Show your work
Teachers are busy, so they might not have time to weigh in on education issues. Not to worry, the Washington Education Association has them covered.
At its Web site, the teachers union denounces various bills being debated in Olympia and provides a form letter for its members to send to lawmakers. All they need to do is plug in their name and location. Say, if students did this, wouldn’t it be cheating? Anyway, the form letter urges lawmakers to focus on funding, not teacher certification, evaluation and compensation.
Union leadership knows that the bills are a product of a long-overdue analysis of the failed basic education formula. The entire effort is predicated on adequately funding schools so that students can get a high quality education. Teachers are the single most important factor when it comes to quality. They have to be in the equation.
Fault lines. It’s been a head-shaking week for accountability mavens. Here’s a brief recap of developments:
In the Libby asbestos case in Montana, W.R. Grace lawyers said that even if executives did know that the vermiculite dust the workers and their families were inhaling was deadly dangerous, it’s the Environmental Protection Agency’s fault for not stopping them.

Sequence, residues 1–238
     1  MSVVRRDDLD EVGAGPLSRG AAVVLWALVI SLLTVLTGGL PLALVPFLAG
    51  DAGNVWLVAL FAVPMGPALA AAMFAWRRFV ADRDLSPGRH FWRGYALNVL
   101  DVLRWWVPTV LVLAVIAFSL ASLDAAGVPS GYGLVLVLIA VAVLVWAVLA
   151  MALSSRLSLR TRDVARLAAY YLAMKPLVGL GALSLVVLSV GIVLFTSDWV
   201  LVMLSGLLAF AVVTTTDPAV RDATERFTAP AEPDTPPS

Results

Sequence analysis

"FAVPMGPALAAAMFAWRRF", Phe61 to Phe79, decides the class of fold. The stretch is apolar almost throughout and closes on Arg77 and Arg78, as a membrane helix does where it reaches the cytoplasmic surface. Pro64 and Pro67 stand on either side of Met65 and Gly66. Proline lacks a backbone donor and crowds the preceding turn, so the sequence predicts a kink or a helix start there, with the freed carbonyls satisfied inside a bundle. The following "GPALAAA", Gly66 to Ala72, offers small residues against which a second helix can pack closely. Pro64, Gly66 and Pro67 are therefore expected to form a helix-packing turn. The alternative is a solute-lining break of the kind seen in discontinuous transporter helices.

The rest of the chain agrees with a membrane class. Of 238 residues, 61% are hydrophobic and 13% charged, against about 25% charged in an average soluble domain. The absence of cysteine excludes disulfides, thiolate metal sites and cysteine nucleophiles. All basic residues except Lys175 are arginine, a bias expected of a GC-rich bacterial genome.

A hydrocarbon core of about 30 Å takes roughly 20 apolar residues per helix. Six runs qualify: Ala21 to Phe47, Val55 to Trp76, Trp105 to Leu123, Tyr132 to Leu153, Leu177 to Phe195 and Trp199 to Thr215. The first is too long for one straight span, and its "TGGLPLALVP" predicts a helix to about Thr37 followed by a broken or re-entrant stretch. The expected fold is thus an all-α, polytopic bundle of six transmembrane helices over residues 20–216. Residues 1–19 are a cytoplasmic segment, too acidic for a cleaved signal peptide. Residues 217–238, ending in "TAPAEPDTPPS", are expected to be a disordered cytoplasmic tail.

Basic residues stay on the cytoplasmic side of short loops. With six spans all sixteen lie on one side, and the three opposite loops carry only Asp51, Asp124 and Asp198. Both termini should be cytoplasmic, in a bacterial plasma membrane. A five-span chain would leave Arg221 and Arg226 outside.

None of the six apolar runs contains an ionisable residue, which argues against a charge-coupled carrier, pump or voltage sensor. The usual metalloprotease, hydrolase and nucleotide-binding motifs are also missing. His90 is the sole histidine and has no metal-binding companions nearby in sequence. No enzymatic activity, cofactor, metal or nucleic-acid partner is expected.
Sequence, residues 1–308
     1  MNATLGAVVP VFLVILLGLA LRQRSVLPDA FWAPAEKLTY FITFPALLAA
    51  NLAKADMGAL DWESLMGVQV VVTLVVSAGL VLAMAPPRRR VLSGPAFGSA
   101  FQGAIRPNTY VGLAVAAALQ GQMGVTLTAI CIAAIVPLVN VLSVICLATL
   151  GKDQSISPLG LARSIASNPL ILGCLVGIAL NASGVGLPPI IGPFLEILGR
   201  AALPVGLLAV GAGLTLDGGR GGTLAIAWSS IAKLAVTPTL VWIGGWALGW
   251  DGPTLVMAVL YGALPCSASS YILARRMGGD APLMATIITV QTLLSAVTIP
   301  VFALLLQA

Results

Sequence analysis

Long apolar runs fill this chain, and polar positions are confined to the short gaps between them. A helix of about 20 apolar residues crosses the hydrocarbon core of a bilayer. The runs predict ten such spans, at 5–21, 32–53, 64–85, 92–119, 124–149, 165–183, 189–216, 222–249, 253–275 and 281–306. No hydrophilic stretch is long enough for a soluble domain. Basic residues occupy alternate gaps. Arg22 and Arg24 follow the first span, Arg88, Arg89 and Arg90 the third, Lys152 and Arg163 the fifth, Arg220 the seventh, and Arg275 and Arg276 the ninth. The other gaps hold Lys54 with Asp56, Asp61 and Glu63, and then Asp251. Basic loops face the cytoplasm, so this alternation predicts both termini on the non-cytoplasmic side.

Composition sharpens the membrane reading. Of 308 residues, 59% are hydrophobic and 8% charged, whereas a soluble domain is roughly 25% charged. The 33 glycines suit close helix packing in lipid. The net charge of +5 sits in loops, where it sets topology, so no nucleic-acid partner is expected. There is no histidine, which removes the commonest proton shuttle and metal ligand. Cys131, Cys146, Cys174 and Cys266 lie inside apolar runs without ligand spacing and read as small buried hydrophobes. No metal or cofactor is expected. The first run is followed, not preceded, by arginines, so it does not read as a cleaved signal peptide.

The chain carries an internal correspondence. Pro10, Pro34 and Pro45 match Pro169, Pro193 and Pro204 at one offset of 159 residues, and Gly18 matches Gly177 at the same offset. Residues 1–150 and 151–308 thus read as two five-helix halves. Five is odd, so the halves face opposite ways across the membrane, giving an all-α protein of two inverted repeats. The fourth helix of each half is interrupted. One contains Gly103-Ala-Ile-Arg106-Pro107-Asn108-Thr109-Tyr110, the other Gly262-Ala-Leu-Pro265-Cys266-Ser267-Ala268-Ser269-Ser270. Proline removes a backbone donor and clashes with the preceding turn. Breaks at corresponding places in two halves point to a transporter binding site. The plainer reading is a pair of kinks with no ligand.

At his trial, suspended Spokane police officer Jay Olsen suggested Shonto Pete was to blame for getting shot in the head. That’s what he gets for fleeing an angry drunken man with a gun.
In the case of the Spokane Police Department and its strip-search of an allegedly anal-retentive suspect, the city told a judge to forget its initial defense that the department did not have a formal policy. You see, there was a search warrant, after all. So, please, reverse the finding of fault in that civil rights lawsuit.
So what should the public think of this comment from Police Chief Anne Kirkpatrick: “The law is clear: You do not do a strip-search in the field”? And that intimidating countersuit the city filed? Forget that, too?
It’s a world of laughter … In Louisiana Gov. Bobby Jindal’s rebuttal to President Barack Obama’s speech on the federal stimulus package, he noted that the bill is “larded with wasteful spending,” singling out “$8 billion for high-speed rail projects, such as a ‘magnetic levitation’ line from Las Vegas to Disneyland.”
That’s interesting in light of this report from the Times-Picayune, New Orleans’ daily newspaper:
“Louisiana’s transportation department plans to request federal dollars for a New Orleans to Baton Rouge passenger rail service from the same pot of railroad money in the president’s economic stimulus package that Gov. Bobby Jindal criticized as unnecessary pork on national television.”